Scottish school strikes suspended as union considers new deal

Unison has paused planned walkouts in schools across Scotland next week while it considers a new offer.

Unison Scottish school strikes suspended as members consider new deal iStock

Strike action planned for schools across Scotland amid a pay dispute have been suspended after a new deal was tabled.

COSLA said additional funding has been found to meet the “extra demands” of Unison and urged bosses to put the deal to its members.

The local government body said that after “intensive talks” with the Scottish Government, a way had been found to underwrite some “limited one-off funding” to improve the deal.

In a statement, it said: “This is the final £17.2m to get a package worth more than half a billion over the line, which will increase the wages of our lowest paid employees by £2,000 a year, for the second year in succession, in the midst of a cost-of-living crisis.”

Support staff walked out in Glasgow, Renfrewshire, East Renfrewshire and Inverclyde on Wednesday, which followed three days of national strike action which shut schools in September.

However, action planned for South Lanarkshire, Dumfries and Galloway, Edinburgh and Fife on November 8 and November 15 has now been paused while members of the union assess the deal.

Unison rejected a pay deal from local council body COSLA that was accepted by other unions, including Unite and GMB, last month.

COSLA said the additional funding that can now be put into the offer will allow for all elements of the pay deal to be backdated.

It stressed: “Leaders recognise the importance of getting money into the pockets of our workforce as early as possible, and today’s decisions will hopefully make that possible.

“The priority of leaders today is ensuring that nobody is left out of pocket ahead of the winter period, especially given the ongoing pressures of the cost-of-living crisis.”

The deal will now be put to members in a ballot running “for the next few weeks”.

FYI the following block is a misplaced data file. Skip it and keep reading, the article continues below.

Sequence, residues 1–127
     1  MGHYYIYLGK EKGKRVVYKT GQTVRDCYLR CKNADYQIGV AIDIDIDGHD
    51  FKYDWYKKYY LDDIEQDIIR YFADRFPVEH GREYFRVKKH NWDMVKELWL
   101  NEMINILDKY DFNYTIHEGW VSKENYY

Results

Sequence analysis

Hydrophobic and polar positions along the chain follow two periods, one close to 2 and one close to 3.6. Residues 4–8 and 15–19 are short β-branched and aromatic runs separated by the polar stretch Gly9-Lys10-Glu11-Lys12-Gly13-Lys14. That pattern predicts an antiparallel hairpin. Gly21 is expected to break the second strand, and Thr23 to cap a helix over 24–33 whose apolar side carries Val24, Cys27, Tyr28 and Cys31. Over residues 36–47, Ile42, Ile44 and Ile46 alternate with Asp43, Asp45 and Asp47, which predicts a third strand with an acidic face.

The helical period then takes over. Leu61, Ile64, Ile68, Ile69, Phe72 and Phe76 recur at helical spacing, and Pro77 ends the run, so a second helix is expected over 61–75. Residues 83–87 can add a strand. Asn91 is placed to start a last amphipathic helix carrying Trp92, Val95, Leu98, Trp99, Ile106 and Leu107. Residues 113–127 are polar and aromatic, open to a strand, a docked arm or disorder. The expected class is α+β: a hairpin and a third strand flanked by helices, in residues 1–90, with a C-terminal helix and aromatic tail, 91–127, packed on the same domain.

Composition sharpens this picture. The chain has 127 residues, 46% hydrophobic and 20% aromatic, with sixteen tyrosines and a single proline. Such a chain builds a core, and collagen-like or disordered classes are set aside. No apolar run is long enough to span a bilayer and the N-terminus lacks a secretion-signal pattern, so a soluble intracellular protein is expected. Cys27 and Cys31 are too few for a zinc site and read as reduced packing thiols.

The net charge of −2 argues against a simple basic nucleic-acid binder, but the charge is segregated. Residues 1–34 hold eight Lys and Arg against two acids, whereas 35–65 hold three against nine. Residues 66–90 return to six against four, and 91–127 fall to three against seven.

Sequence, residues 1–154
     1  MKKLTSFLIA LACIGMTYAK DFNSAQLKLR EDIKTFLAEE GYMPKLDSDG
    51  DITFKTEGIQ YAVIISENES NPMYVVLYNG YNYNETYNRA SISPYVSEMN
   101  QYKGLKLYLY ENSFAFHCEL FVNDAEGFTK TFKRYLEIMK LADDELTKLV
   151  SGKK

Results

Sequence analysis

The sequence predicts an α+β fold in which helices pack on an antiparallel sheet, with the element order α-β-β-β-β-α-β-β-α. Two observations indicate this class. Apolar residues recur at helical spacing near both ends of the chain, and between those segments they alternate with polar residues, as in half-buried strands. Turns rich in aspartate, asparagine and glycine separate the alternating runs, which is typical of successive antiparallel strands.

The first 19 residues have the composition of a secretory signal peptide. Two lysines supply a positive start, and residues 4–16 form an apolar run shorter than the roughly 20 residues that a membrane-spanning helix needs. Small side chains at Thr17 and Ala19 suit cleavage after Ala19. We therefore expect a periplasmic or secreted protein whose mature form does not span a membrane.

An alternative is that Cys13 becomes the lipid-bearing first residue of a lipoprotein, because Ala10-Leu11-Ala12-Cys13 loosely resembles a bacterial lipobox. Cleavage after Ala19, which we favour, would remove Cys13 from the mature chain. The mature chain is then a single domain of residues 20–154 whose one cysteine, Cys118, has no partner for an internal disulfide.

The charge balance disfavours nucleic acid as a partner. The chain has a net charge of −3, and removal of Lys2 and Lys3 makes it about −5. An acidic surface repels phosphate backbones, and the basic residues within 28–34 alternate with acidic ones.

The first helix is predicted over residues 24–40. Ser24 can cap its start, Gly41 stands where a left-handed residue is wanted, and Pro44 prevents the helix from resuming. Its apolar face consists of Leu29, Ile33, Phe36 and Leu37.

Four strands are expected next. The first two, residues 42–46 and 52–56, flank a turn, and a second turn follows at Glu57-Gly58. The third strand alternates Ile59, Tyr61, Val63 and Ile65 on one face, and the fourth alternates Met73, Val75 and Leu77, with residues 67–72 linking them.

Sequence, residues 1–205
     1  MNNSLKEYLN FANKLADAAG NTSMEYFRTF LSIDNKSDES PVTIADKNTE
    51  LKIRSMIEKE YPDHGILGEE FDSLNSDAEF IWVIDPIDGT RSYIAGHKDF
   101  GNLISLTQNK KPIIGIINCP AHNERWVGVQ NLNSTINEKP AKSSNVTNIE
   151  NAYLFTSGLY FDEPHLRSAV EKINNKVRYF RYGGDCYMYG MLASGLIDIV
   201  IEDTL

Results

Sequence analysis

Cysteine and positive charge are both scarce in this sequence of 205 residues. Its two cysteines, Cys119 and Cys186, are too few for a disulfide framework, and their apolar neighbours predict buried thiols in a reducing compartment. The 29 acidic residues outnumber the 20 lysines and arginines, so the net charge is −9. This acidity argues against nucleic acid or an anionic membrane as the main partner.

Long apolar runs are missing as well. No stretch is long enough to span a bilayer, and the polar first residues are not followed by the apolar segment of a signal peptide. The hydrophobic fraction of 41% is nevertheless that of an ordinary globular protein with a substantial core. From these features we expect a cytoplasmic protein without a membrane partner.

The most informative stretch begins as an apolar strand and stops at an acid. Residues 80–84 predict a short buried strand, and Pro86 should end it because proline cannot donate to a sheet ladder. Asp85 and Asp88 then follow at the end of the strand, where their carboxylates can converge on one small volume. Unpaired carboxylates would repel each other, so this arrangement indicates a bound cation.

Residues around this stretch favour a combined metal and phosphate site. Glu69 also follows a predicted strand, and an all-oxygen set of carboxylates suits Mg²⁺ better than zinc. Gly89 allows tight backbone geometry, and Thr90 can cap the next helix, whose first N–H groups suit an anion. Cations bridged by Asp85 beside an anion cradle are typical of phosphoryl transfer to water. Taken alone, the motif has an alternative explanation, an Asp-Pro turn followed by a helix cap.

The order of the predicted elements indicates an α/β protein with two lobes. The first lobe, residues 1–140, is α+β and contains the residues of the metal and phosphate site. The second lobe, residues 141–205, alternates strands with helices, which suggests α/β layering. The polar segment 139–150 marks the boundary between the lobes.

The union’s head of local government, Joanna Baxter, said: “Over the past few months, from the employers original offer to today, the action of Unison members has secured more than an additional £100m into the pockets of local government workers. This includes an additional £17.2m secured in the last couple of weeks.   

“The improvements put forward today help address low pay and support those in the squeezed middle.  The commitment to delivering a minimum rate of pay of £15 per hour for all local government workers by April 2026 will go a long way to tackling low pay across the sector.

“Backdating the full offer to April this year will see an improvement for four in ten local government workers.

“It was Unison members who stood on picket lines to fight for a better deal.  It was Unison negotiators who brokered this deal.  And it will be Unison members who determine whether it gets accepted.” 

GMB Scotland welcomed the pay rise for council workers announced on Friday but warned the money must be paid urgently.

The union suspended strike action to allow members to vote on the offer from Cosla, representing Scotland’s councils.

Half of local authority workers earn less than £25,000 and GMB Scotland had successfully called for the offer to be weighted towards the lowest paid and backdated to April.

The deal announced on Friday means higher earners will now also have the rise fully backdated, the union said.

Keir Greenaway, the union’s senior organiser in public services, said it was wrong the new money added to the offer by COSLA today will not mean any more for the lowest paid.

He said: “It is welcome that our members will get the offer they voted for but this process has dragged on far too long.

“Our members accepted an offer that prioritised the lowest paid and should not have to wait any longer to receive their money. It must be with them before Christmas.

“We also welcome a renewed commitment to deliver a minimum wage of £15 an hour but ambitions and aspirations don’t pay bills.

“There is no reason to celebrate until our members get that wage instead of being promised it.

“Meanwhile, in the here and now, not one penny of all the extra millions suddenly found to add to this offer will go to workers earning less than £25,000. That does not seem right or fair.”

More to follow.

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